Cover Image

HARDBACK
$69.00



View/Hide Left Panel

8

The Remarkable, Yet Not Extraordinary, Human Brain as a Scaled-Up Primate Brain and Its Associated Cost

cth

SUZANA HERCULANO-HOUZEL

Neuroscientists have become used to a number of “facts” about the human brain: It has 100 billion neurons and 10- to 50-fold more glial cells; it is the largest-than-expected for its body among primates and mammals in general, and therefore the most cognitively able; it consumes an outstanding 20% of the total body energy budget despite representing only 2% of body mass because of an increased metabolic need of its neurons; and it is endowed with an overdeveloped cerebral cortex, the largest compared with brain size. These facts led to the widespread notion that the human brain is literally extraordinary: an outlier among mammalian brains, defying evolutionary rules that apply to other species, with a uniqueness seemingly necessary to justify the superior cognitive abilities of humans over mammals with even larger brains. These facts, with deep implications for neurophysiology and evolutionary biology, are not grounded on solid evidence or sound assumptions, however. Our recent development of a method that allows rapid and reliable quantification of the numbers of cells that compose the whole brain has provided a means to verify these facts. Here, I review this recent evidence and argue that, with 86 billion neurons and just as many nonneuronal cells, the human brain is a scaled-up primate brain in its cellular composition and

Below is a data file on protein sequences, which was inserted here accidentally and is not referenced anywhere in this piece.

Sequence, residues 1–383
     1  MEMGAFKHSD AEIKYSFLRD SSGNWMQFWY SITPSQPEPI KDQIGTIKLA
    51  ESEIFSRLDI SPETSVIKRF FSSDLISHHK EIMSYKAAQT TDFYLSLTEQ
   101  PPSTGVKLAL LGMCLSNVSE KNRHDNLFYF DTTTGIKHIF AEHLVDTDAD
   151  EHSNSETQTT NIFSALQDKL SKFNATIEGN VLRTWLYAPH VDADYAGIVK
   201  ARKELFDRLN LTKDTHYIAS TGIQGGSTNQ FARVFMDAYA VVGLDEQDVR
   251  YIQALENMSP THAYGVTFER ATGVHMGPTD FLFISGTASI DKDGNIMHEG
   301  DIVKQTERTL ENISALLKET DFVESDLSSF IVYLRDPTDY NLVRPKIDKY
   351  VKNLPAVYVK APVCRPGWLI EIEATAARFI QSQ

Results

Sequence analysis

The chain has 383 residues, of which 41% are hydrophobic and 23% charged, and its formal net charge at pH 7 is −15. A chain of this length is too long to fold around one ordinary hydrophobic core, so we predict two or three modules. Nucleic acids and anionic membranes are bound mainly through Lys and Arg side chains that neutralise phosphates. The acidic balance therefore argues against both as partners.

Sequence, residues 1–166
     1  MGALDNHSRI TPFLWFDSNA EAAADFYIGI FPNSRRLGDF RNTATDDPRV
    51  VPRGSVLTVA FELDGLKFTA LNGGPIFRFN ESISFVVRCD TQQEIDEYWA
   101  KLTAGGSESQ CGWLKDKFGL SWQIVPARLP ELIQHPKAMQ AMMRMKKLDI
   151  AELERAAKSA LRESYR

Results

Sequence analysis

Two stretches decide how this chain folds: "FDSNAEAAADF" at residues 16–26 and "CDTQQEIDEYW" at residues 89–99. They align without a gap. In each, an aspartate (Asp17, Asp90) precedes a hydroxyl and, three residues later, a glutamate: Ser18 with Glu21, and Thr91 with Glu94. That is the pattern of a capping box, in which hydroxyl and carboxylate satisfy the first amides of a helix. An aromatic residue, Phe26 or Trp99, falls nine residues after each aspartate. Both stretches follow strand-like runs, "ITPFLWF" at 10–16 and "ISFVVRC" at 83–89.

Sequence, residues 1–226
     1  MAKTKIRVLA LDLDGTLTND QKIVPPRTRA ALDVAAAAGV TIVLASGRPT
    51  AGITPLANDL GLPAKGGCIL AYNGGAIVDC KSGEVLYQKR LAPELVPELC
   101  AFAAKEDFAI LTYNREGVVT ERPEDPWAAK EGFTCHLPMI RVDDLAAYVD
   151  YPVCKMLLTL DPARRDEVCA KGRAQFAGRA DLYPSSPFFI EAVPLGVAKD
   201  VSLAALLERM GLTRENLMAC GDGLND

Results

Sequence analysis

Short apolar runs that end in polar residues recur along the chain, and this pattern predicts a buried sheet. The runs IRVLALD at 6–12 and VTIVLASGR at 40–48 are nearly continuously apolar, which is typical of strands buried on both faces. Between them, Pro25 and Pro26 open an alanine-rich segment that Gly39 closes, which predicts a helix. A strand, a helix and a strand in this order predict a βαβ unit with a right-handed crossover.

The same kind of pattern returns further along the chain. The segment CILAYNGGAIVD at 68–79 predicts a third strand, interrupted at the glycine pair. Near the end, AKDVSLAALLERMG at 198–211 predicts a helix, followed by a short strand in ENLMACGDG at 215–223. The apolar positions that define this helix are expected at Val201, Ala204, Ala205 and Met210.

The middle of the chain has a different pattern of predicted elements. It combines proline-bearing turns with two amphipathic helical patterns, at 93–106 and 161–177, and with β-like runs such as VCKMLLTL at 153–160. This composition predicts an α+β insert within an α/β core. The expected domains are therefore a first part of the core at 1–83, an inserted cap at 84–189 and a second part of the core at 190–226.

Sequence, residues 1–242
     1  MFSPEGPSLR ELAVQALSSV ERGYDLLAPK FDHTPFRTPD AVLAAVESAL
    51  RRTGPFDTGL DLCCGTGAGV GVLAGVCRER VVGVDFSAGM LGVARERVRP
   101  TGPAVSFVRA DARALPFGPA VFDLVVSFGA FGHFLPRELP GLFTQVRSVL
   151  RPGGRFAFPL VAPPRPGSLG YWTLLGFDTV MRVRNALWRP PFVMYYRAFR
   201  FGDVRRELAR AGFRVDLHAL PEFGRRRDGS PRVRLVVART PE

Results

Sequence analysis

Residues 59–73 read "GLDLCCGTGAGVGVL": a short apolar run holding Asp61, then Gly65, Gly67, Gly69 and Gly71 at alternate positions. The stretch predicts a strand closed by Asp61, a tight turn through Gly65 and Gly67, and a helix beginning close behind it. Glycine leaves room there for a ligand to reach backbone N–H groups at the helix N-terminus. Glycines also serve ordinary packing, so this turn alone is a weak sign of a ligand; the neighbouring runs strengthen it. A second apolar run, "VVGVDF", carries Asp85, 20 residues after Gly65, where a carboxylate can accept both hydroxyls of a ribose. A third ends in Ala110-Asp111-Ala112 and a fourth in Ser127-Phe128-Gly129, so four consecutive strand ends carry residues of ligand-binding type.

__________

Instituto de Ciências Biomédicas, Universidade Federal do Rio de Janeiro, 21941-902, Rio de Janeiro, Brazil; and Instituto Nacional de Neurociência Translacional, Instituto Nacional de Ciência e Tecnologia/Ministério de Ciência e Tecnologia, 04023-900, Sao Paulo, Brazil. E-mail: suzanahh@gmail.com.



The National Academies | 500 Fifth St. N.W. | Washington, D.C. 20001
Copyright © National Academy of Sciences. All rights reserved.
Terms of Use and Privacy Statement